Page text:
Then came punk. Nothing against the music, I played some myself. But that style introduced the idea that it is the 'emotion' of the songs not the technical skill that was important. The bands also hated 'the union' and 'the system' because most agents and rooms wouldn't book them.
Soon came Hard Rock/Heavy Metal. More technically proficient and loud. Also hating unions and agents because they too didn't get booked very often.
Neither group realized that the general public (outside of the established audiences for those bands); A) wants to hear at least faintly familiar music, and B) only has a certain amount of time to themselves as well as money, and if they are going to see live bands - the band had better be enjoyable to them.
A lot of the bands - often not very good bands - started booking their own dates. Often they only had enough songs for one set, so they gang up as well, and not be able to play a 6 day gig. The bars saw an opportunity to save money by paying the bands less and not have to pay the agent.
However, the music quality dropped, the audiences dwindled because they could go do 'dance clubs' with DJ's and listen to recordings which were crappy music but better quality than most of the bands booking their own gigs. So fewer and fewer bars even booked regular music if any.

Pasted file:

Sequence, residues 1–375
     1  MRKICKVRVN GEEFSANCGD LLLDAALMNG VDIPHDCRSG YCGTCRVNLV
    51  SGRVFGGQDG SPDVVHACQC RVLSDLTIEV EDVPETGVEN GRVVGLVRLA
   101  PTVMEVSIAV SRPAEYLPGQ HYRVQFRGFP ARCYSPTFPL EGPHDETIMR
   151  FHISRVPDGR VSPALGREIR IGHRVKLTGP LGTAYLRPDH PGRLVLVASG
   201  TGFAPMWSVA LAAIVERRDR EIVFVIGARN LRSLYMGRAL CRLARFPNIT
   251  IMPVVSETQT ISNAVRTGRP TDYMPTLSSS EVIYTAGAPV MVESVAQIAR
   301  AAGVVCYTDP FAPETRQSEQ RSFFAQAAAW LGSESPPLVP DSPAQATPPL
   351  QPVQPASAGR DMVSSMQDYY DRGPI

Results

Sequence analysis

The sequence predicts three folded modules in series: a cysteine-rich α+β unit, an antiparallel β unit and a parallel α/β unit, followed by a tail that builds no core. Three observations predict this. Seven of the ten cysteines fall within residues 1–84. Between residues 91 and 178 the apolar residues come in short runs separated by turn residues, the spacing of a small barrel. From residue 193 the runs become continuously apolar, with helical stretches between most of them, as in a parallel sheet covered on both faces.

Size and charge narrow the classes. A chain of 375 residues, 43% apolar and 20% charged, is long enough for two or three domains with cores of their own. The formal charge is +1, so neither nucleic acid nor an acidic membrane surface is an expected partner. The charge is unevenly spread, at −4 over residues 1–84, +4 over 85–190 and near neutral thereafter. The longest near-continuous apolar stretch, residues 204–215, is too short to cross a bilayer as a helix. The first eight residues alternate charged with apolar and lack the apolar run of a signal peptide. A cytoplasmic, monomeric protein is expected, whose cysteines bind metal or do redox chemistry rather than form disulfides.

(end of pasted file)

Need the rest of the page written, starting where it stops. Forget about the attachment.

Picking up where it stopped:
Yes, DJ's and MTV had an effect on the audiences - but from what I observed having been "in" and then "outside" of the industry; we musicians as a group accepted the change and didn't realize the damage getting away from the booking agent system would cause. The bands were no longer vetted to ensure they were at least a decent level of quality, and they didn't 'work their way up.'
From what I'm seeing now - taking lots of courses on music marketing and promotion because I still have a lot of music to do before I die - the music industry and success (no matter how you want to define it for yourself) has gone from 'playing to be able to build an audience that will buy your records' to 'building an audience online who will come out and see you and buy records (and t-shirts, etc).'
Whether you like his playing or not, Joe Bonamassa is a marketing machine. Sign up for his newsletter - it's crazy how much work goes into it. And it's working for him, along with his other marketing.